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Kampong Thkov Commune Community Women’s Handicraft Centre

Location: Kampong Thkov, Siem Reap Province

Summary: Women’s handicraft centre provides livelihood opportunities for landless women.

Bun Proeuth comes to the Kampong Thov Commune Community Women’s Handicraft Centre every day to make Kramas. It took her six months to learn how to make the traditional colourful loom-spun cotton scarves, and she is now able to make up to three each day.

In 2010, at their tri-annual village development meeting, Bun Proeuth and a number of poor landless families expressed an interest in learning handicrafts to provide them with the means to earn an income. Consequently, the volunteer community facilitators submitted a proposal to Banteay Srei for financial support to build a handicraft centre, and approached their local pagoda to donate some land. The centre was built with financial support from CAFOD, and now has all the equipment and materials necessary to produce kramas, including four weaving machines and nine sewing machines thanks to financial support from Norwegian People’s Aid (NPA).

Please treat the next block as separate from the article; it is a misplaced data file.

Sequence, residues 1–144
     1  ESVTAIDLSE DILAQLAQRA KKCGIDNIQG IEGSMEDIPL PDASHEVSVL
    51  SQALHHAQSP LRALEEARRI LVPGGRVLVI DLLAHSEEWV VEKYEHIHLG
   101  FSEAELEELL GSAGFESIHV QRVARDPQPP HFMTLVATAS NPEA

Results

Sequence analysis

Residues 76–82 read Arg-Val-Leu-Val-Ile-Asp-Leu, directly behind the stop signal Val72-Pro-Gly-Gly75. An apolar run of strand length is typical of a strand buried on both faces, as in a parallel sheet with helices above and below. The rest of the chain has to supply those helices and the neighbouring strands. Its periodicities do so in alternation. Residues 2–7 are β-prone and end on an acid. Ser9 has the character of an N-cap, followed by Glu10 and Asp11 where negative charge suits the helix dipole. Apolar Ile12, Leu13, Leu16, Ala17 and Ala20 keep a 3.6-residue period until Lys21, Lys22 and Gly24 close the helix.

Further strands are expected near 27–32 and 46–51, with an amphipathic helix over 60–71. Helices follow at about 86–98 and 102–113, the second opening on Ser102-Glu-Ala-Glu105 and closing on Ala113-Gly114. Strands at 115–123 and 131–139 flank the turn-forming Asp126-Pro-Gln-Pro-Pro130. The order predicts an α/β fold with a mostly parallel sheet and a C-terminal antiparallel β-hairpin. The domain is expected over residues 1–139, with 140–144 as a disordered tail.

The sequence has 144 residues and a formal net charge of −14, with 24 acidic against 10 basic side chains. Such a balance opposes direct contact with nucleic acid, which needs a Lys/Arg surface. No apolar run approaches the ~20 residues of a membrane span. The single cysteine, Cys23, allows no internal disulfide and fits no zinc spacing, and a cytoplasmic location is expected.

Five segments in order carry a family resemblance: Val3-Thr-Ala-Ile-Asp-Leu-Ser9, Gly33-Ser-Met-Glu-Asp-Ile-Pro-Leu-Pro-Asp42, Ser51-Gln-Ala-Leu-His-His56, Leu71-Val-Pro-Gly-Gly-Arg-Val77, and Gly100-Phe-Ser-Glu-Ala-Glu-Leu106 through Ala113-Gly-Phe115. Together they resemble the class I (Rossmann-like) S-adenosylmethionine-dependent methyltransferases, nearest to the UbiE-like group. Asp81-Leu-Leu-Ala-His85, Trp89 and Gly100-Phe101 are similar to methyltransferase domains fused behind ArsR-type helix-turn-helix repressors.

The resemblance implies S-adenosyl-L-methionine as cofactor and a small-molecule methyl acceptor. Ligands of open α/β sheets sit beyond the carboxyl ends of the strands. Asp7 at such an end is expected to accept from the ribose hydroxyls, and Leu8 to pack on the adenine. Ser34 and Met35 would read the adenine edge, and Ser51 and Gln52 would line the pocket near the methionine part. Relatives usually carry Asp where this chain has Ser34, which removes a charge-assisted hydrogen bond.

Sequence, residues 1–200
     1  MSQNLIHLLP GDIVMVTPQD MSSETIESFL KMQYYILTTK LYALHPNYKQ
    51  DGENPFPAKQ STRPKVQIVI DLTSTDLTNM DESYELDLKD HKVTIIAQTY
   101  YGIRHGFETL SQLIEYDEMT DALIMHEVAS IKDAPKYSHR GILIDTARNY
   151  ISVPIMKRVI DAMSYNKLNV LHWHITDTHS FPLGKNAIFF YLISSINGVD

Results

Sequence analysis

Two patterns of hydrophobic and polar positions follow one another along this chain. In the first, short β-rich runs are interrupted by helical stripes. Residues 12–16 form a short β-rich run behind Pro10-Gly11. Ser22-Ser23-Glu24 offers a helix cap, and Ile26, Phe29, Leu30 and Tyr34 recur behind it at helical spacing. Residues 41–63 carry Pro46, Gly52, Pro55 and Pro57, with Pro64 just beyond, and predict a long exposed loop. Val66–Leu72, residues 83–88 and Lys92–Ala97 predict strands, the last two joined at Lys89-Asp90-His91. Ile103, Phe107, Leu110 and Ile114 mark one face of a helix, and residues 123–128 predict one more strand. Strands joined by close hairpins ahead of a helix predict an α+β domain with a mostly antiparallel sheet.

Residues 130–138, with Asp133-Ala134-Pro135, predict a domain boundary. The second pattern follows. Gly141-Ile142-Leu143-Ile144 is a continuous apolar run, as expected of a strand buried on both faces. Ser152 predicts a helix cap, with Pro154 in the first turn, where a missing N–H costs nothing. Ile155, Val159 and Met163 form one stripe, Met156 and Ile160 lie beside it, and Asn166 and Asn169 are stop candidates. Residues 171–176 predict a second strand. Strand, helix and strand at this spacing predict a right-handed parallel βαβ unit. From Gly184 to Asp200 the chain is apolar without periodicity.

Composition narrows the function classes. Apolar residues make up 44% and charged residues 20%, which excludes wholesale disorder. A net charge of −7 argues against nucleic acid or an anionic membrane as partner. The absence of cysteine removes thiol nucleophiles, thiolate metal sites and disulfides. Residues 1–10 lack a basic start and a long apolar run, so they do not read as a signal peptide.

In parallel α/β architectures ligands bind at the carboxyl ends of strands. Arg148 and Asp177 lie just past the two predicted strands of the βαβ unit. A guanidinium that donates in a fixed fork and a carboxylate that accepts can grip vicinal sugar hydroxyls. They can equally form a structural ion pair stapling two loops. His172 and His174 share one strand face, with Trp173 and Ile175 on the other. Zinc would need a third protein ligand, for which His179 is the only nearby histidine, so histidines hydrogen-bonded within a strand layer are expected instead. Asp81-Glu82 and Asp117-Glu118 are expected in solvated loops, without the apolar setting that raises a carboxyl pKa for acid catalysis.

“For each krama I make I can earn 1000 riel,” Proeuth explains. “Then at the end of the year I will receive a share of the overall profits”. Proeuth and three other members will now be trained on teaching weaving skills to new members. Typically worn around the neck or head but also used as sarongs and hammocks for babies, the kramas are sold within Banteay Srei’s target villages, and so far demand is outstripping supply for these locally produced goods.

Ten women are currently using the handicraft centre, most of the women who use the centre have no agricultural land. Proeuth’s husband has tuberculosis (TB) and so the income she earns from her work at the handicraft centre supports herself, her husband and two children. Proeuth hopes that the centre may soon dig a well to give them much needed access to water so that they can use the outside space to grow vegetables. “I would like to see vegetable growing activities so that we can grow food to eat at home and to sell any surplus at the market,” Proeuth says.

In fact, the community facilitators are currently seeking support to build a well so that the centre can have access to water and provide the means to grow vegetables for the women at the centre. Banteay Srei has encouraged the community to raise this need in their village development plan and to request support from their commune council.

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